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School Site Governance Team Makes Important Decisions

Jazveline Martinez, Staff Writer

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   School staff, parents, and students are all qualified members of UC High’s School Site Governance Team (SSGT) which meets one to two times a month on UC High’s campus to decide courses of action in order to address various issues affecting UC High.

   According to the Financial Planning Monitoring and Accountability School Site Council Handbook, the SSGT makes school-wide student discipline plans, and develops/implements site security plans (sandiegounified.org).

   Student Body Representative Junior Firas Mosalam said, “Every time there is an issue at our school, we bring up the topic and discuss what it is. Based on what we talk about, we create a policy for that issue. We see all the stuff that is wrong with our school and try to fix it.”

   In Article 24 of The Collective Negotiations Contract, it states, “The scope of authority of a Governance Team shall include improvement of the instructional program as its main focus” (sandiegounified.org).

   “Before the school can make any new rules it has to go through SSGT. We create the rule, we vote on it, and bring it to action,” said SSGT Chairperson Freshman Elaina Martin.

   This year, SGT is composed of twelve members. One of those members is UC High Teacher Anthony Pollard. “When there’s an issue that’s brought up by any one of the constituents, they bring it to the SGT to have a discussion about it. They bring in other professional evidence, speakers, and get input from people who are a part of those groups. We later have a quarram vote,” explained Pollard.

   Principle Jeff Olivero said, “SSGT has the power to create policies that don’t interrupt district policy. Technically, we can’t institute a policy contradictory to what the Board of Education has decided for schools.”

   “I know SSGT has been in existence for at least fifteen to twenty years. At that time, the decisions were being reached at the board level, and stakeholder groups felt like they should have more of a say in those decisions. Before [the establishment of the SSGT], the principal would [have the authority to] say, ‘We’re doing this’ and that would be the rule,” said Olivero.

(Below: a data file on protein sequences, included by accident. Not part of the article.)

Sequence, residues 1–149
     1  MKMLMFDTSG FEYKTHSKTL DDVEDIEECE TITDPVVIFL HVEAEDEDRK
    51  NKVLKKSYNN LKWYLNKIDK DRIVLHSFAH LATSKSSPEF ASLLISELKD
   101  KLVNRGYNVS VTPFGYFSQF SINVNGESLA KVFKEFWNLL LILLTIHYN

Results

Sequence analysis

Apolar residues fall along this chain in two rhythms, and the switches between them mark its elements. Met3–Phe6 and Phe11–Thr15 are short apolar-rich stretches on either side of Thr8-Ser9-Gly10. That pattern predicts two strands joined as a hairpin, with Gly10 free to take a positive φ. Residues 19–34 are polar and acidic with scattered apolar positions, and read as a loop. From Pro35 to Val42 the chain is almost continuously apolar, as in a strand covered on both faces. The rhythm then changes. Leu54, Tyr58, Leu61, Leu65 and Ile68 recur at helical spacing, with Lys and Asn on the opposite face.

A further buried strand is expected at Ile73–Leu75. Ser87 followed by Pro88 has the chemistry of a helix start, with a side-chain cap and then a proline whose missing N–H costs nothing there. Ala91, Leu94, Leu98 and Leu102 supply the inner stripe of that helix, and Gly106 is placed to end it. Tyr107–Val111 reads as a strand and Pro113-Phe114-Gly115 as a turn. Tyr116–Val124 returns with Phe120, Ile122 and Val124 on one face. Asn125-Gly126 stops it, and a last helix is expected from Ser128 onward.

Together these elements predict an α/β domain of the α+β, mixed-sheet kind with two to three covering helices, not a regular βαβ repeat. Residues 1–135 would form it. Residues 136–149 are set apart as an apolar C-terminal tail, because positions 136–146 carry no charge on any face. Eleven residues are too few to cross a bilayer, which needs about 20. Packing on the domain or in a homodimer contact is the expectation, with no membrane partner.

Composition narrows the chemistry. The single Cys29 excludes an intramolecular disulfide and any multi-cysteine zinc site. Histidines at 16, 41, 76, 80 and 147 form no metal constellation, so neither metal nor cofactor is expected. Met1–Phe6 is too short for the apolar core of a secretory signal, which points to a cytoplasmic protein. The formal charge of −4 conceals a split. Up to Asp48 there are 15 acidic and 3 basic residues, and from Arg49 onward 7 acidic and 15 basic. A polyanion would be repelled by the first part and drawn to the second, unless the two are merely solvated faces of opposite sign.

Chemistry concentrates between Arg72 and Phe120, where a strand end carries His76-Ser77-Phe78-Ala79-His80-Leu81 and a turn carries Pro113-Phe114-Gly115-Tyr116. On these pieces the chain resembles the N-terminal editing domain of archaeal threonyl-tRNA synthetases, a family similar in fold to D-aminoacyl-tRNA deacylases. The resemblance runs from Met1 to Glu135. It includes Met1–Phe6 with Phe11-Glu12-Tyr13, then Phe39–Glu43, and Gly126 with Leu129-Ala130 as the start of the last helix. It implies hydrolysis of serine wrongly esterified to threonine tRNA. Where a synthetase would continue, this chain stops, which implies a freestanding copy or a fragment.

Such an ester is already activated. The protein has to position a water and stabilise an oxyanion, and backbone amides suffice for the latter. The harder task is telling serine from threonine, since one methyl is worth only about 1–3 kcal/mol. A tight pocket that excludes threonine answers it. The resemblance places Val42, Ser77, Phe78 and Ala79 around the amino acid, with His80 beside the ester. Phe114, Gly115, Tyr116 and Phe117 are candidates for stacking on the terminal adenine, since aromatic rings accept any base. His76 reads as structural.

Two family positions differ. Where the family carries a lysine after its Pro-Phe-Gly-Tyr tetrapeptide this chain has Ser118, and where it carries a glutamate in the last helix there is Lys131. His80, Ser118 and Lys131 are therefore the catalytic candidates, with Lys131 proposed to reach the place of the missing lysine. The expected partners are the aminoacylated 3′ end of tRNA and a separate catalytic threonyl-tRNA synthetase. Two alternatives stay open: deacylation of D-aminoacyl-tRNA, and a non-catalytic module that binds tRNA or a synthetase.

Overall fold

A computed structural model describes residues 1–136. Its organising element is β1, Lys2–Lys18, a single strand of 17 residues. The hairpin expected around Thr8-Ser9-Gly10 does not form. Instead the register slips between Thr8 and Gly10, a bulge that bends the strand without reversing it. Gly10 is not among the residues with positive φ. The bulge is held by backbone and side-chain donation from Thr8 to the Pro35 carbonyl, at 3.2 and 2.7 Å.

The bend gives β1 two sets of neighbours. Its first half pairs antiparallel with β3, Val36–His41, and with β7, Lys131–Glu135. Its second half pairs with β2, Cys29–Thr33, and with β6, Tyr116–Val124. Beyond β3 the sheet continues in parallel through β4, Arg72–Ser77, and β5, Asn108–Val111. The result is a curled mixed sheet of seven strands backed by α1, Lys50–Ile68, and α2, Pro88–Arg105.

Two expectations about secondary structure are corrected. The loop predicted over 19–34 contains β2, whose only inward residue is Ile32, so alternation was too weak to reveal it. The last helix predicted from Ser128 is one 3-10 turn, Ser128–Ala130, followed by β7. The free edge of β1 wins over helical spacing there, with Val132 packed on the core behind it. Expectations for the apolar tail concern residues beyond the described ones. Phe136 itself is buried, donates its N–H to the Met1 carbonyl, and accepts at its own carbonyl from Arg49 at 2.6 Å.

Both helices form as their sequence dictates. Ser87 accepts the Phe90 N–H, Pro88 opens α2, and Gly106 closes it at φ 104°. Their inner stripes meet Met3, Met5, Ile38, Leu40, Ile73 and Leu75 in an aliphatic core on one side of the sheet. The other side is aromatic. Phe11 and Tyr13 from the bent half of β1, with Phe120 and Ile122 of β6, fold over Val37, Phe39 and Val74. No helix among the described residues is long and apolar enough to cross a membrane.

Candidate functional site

Olivero went on to explain that, now, the whole idea of SSGT is to have different perspectives that come together to make decisions rather than one individual with all the power.

   Teacher Maureen Quessenberry said, “SSGT started at all schools when teachers were feeling very left out of the decision making in their schools. Every school is supposed to have one.”

   According to the UC High website, the SSGT has covered many different points of discussion. These points range from the budget, all the way to drug possession, along with drug use on campus (sandiegounified.org).

   “The teachers elect their representative, the parents elect their representative, and the students elect their representative. The students have to go up to Mr. Olivero and speak to him about joining the team,” said Quessenberry.

   “I was on the SSGT at my middle school, so it was something that carried over to high school. I want to be involved, because I think it’s a good extracurricular to be in. It shows leadership,” said Martin.

   “I’ve always been an advocate of SSGT, especially when it comes to money. Giving advice about money and how it’s spent. I love having those type of discussions. We have a strong student body, and I believe in listening to the students. I’m a big student advocate,” said Pollard.

   Olivero explains how an idea for next year is getting rid of bells all together, hoping it will create more maturity in students, hoping they can get from point A to point B without needing bells.

   “I am very impressed with our SSGT. They take these matters seriously. They do their homework, and they listen to what they’re being told from their constituents. Group members listen to who they represent, aside from what they think,” said Olivero.

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School Site Governance Team Makes Important Decisions